The new Catella “Market Tracker, Senior Housing and Healthcare Property”, shows that the market for social real estate still is in the start-up phase in Europe, compared to North America, Japan and South Africa. However, the differences across Europe are large, which creates exceptional opportunities in this relatively young asset class.
The demographic shift towards a structurally ageing European society has become an increasing focus for politicians and capital markets in recent years. The altered picture of ageing sees the period after retirement as a new, active, productive and eventful time, in which correspondingly high demands are placed on properties, locations, infrastructure and equipment.
“However, simply equating an ageing society with rising demand for healthcare property falls significantly short,” explains Dr. Thomas Beyerle, Head of Group Research at Catella. One particular segment that is proving extremely dynamic, not least thanks to a tangible statistical correlation with people reaching retirement age, is senior housing. For many people nowadays, retirement signals the start of a significantly more active phase of their lives, and this new target group also defines a structural change in social real estate. “It is easier to formulate a completely new senior housing market segment in Europe,” says Beyerle.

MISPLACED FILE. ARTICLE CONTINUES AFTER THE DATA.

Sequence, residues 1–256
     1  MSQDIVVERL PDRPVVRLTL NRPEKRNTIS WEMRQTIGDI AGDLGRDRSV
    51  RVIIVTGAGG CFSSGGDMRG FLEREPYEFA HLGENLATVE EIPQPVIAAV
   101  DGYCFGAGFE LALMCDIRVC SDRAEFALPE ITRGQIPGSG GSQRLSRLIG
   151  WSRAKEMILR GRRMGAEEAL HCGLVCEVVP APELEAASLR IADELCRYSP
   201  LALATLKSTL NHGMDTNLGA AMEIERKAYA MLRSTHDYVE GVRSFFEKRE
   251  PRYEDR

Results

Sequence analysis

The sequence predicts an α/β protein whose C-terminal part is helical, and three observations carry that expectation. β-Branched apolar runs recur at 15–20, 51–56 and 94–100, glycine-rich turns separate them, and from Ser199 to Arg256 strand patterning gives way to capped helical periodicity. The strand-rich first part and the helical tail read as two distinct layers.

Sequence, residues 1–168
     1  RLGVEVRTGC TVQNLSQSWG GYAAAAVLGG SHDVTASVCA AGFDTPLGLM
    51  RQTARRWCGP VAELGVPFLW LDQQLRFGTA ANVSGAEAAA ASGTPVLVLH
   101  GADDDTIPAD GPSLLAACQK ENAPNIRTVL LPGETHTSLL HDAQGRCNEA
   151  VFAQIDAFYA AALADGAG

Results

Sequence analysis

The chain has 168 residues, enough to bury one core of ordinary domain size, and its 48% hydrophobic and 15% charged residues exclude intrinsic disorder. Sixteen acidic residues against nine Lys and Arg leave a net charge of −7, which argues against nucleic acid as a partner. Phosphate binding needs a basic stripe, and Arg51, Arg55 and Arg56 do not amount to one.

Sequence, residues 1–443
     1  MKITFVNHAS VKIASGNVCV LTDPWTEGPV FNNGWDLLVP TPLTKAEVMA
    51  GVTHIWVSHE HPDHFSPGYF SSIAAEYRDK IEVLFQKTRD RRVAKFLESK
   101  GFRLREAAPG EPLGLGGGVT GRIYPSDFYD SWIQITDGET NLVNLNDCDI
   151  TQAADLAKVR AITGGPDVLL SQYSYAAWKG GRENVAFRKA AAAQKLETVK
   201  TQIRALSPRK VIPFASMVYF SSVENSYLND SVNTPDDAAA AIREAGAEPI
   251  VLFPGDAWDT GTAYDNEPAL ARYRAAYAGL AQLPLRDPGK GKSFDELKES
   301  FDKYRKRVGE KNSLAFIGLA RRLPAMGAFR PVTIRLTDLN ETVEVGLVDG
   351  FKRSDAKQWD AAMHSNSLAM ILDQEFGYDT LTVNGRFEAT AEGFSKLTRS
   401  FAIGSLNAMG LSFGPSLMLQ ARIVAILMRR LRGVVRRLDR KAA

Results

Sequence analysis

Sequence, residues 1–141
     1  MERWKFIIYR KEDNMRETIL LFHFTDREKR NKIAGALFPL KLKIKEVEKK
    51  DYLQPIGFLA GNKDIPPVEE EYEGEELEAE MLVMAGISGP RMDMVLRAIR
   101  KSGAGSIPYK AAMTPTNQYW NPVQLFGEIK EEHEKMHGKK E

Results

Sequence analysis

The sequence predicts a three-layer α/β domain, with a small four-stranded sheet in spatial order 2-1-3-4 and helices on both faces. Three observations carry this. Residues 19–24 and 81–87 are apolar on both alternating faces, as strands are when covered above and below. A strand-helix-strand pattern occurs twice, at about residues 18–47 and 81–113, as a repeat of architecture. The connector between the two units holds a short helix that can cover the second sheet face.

Our researchers have examined the investment potential using the Catella Market Opportunities in Europe scoring model. Austria and Germany are leading the market growth, followed by Lithuania, the Netherlands and Sweden.
The positive assessment for Austria and Germany is explained by their strong healthcare systems and their structurally older populations. Germany has the highest number of hospital beds in Europe, at 823 per 100,000 inhabitants, with Austria in second place at 759. Ireland has by far the smallest share of older people, at 9.9 percent, closely followed by Luxembourg at 10.2. Austria is the European leader for practicing doctors per 100,000 inhabitants (499), followed by Lithuania (428) and Sweden (412). The highest health expenditures, measured by GDP, are made by Switzerland and the Netherlands (11.1 percent each), followed by Germany and Sweden (11.0 percent).
Source : Company